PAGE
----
I absolutely loved Seattle, but left feeling wistful and unsure about my future. I was so happy to find a graduate program that seemed to fit me at UW, I was overwhelmed by the excitement of food shopping at Pike’s Place Market, I wanted to explore the vintage clothing stores and the local artists’ shops, and I couldn’t help but wonder which neighborhood of the city would eventually be my home. In just one day, I caught a glimpse of what my life could be: staying in school to study things that fascinate me while creating a new home and lifestyle based on sustainability and simplicity.
I found myself glossing over the next two years in my mind, wishing myself ahead to this idyllic hypothetical life. A week later, I still notice myself wishing a little too often for comfort that this is the life waiting for me in the fall. None of these doubts would ever make me even consider not moving to Cambodia, but I’m realizing that the creativity inherent to starting a new life on my own terms is something that I will certainly miss when I move in with the Jesuits.
The need to create – whether art, writing, food, or even intentional community – has marked my family’s culture and especially grown in me over the last year. Raised by two artistic parents, an architect father and an interior designer mother, I grew up placing a high value on the creating process and the finished product. Only recently though have I recognized how much I internalized this drive: cooking beautiful meals from local fruits and vegetables became a stress release, planning reflections for my Arrupe group was a joy rather than another task, and cutting discarded wrapping paper into snowflakes to hang in our dining room seemed like a perfect way to pass a Saturday afternoon.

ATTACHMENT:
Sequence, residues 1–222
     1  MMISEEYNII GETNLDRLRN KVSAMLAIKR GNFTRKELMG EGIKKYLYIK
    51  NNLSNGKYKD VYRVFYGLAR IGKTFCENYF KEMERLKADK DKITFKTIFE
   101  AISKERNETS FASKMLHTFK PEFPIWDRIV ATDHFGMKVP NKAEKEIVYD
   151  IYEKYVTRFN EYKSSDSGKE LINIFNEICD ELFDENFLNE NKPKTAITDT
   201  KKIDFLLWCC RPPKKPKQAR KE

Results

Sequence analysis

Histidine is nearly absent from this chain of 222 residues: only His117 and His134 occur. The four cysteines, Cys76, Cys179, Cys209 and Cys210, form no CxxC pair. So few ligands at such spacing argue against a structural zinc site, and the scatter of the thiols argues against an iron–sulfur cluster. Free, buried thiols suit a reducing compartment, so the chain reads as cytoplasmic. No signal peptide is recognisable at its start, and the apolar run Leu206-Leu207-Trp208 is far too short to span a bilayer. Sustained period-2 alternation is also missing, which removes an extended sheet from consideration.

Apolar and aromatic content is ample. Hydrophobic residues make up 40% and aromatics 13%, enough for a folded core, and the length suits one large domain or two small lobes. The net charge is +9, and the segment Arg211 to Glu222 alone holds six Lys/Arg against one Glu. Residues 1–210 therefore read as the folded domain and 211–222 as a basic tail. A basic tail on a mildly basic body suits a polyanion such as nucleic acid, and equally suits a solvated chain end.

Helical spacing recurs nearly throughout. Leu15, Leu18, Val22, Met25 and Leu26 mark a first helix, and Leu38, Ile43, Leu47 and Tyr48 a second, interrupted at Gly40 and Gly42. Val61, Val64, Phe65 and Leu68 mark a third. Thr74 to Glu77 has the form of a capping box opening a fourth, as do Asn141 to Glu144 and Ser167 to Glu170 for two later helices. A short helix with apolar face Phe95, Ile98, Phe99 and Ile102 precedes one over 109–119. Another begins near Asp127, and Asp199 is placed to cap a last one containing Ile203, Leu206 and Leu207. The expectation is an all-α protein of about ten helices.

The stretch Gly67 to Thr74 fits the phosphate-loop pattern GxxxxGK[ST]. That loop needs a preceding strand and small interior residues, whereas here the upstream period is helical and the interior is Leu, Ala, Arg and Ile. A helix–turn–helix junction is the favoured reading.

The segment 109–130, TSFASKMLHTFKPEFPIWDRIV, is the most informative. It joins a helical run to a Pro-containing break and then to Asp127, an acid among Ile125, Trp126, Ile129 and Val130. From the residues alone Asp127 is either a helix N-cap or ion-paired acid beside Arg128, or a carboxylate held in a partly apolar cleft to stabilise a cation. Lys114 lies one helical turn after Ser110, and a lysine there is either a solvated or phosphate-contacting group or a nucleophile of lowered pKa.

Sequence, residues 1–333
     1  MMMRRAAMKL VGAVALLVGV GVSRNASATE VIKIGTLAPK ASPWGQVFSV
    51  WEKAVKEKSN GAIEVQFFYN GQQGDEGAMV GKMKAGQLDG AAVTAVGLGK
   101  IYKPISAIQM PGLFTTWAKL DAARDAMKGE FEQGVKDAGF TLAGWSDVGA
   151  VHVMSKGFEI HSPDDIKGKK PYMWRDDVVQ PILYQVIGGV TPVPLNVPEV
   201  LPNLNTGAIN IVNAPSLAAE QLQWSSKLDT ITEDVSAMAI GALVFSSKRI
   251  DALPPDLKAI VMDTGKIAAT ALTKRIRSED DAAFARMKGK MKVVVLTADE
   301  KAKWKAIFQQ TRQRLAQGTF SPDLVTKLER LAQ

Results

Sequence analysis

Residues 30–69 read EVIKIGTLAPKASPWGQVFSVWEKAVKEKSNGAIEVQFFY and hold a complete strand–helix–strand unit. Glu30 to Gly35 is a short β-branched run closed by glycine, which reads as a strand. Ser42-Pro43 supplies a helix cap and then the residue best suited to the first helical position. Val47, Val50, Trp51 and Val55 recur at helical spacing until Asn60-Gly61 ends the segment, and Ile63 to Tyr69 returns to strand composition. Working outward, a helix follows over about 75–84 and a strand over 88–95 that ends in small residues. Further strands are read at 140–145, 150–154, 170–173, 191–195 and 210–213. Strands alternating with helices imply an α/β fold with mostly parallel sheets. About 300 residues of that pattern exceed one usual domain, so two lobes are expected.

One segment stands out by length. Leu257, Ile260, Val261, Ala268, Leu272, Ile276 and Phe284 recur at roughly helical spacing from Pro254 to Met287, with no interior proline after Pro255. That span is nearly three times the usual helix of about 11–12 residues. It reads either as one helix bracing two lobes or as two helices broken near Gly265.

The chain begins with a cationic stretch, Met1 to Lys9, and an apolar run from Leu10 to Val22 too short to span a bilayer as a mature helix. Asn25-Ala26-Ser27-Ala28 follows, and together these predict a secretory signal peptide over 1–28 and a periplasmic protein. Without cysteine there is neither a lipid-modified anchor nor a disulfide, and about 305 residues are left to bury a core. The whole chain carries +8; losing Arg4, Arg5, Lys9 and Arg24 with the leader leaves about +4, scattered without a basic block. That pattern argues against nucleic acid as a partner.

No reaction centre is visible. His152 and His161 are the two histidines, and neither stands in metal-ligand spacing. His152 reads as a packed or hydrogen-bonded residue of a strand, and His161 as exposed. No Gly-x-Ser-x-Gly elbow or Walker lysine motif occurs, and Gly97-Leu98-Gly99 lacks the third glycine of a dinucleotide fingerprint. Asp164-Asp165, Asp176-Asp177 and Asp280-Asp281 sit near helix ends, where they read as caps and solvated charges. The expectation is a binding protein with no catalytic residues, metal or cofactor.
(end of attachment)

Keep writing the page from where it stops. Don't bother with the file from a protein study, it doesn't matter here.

My attentiveness to this persistent need to create has been mutually informing with my study of feminist theology, which uses Creator as a primary image of God. Instead of focusing on God the Father, an image historically used to oppress women and others on the margins of society, worshiping our Creator allows us to recognize God in nature, in ourselves, in each other, and to celebrate creation as evidence of God’s goodness and dynamic presence. In recognizing God’s creative nature, I am inspired and emboldened to seek to create as well, whether it be something as tangible as a welcoming space or meal or abstract as a community of friends.